When the day was over and we had a chance to reflect on the day’s happenings, we found it difficult to forget the cutting remarks and behavior of the Portage crews. We tried to put the memories behind us and concentrate on improving our performance based on what we had learned in the course of the various contests, but it rankled to recall that we had essentially been called incompetent, and our pumpers had been called squirt guns, a epithet especially disconcerting since one of their pumpers was a Silsby, almost identical to ours. It was very disconcerting to recall that they bragged that their single Silsby pumper could have outperformed our two machines had the hoses not burst.
So it was with a great feeling of satisfaction that the firemen as well as a great many citizens of Watertown read in the Watertown Republican a lengthy report of a fire which had destroyed the only flouring mill in Portage. Every Watertown fireman as well as many, many residents of our city read or had read to them, the paragraph from the Portage Daily Register which said:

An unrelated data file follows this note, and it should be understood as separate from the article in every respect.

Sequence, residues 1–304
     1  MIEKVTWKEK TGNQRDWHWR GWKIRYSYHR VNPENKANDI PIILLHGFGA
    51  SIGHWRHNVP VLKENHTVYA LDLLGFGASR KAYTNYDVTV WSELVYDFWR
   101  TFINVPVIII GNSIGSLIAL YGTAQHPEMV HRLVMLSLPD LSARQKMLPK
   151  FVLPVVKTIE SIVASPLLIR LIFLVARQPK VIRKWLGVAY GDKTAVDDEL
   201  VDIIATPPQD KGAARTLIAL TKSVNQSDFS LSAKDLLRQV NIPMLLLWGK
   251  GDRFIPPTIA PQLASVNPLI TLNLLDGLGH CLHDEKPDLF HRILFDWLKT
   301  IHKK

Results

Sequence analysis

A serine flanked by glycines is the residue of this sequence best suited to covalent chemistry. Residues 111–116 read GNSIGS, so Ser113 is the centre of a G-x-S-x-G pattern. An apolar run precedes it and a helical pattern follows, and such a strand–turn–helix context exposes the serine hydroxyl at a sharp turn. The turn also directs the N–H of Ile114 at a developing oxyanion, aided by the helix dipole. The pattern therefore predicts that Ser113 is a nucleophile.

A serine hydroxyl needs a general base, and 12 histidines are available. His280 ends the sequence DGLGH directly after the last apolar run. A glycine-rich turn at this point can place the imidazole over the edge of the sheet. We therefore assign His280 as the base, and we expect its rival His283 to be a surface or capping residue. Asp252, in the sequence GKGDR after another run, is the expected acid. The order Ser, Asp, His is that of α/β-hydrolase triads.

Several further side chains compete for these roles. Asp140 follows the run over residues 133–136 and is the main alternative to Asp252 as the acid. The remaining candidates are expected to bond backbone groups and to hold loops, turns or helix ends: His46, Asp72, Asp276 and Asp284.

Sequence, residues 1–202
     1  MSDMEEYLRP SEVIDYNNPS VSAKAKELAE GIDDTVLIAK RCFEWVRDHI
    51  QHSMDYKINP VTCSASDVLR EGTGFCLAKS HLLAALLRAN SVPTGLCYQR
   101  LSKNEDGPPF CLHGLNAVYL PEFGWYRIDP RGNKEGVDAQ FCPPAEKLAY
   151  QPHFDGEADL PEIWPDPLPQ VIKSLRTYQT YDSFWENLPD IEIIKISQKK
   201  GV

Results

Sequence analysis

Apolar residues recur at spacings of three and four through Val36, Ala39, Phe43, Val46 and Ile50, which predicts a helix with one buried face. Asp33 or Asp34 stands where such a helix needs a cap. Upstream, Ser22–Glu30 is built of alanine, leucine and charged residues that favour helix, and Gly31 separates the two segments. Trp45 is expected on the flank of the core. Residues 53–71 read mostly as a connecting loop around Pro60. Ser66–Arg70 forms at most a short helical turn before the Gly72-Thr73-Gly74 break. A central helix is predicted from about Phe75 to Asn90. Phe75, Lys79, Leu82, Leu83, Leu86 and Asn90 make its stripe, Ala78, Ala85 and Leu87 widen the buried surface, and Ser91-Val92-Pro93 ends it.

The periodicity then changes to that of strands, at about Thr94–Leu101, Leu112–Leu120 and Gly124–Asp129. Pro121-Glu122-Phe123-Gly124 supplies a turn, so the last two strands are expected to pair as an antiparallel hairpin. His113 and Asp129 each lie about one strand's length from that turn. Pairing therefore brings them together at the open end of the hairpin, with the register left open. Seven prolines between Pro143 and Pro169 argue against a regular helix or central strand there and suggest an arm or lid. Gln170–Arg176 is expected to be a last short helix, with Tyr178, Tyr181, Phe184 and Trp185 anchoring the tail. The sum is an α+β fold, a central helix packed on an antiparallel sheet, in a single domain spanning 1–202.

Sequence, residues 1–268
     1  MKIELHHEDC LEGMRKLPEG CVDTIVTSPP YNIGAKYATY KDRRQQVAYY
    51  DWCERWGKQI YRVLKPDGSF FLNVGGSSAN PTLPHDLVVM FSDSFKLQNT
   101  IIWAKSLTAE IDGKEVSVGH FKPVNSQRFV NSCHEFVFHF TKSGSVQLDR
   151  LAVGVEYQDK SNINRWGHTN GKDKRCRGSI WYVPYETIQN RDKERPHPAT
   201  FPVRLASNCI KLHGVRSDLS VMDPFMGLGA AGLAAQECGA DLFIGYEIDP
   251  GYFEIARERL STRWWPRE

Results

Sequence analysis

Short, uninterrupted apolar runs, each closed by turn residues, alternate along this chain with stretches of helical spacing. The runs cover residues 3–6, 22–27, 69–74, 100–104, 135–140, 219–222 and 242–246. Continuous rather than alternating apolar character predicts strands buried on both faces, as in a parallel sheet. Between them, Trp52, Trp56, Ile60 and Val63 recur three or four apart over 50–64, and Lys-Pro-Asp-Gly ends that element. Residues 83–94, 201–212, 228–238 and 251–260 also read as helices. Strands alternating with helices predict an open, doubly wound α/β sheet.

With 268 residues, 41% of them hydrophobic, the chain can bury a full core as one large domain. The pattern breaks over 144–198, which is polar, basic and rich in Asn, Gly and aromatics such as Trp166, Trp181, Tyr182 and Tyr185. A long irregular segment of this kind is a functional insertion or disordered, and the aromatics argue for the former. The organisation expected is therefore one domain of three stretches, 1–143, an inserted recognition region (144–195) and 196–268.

Upon arriving on the scene of the fire, the Silsby took water at the platform on the river bank nearby, and was red hot -- prepared to pump the Wisconsin River dry, if need be -- but there was a delay of half an hour before the hose was gotten into position so that the stream of water could be thrown. For some reason the Silsby boys did not turn out with their usual alacrity, and as there were very few other men present because of the stinging cold, the hose was not handled with customary rapidity and effect. This company has received severe censure from the local newspaper for not turning out more men.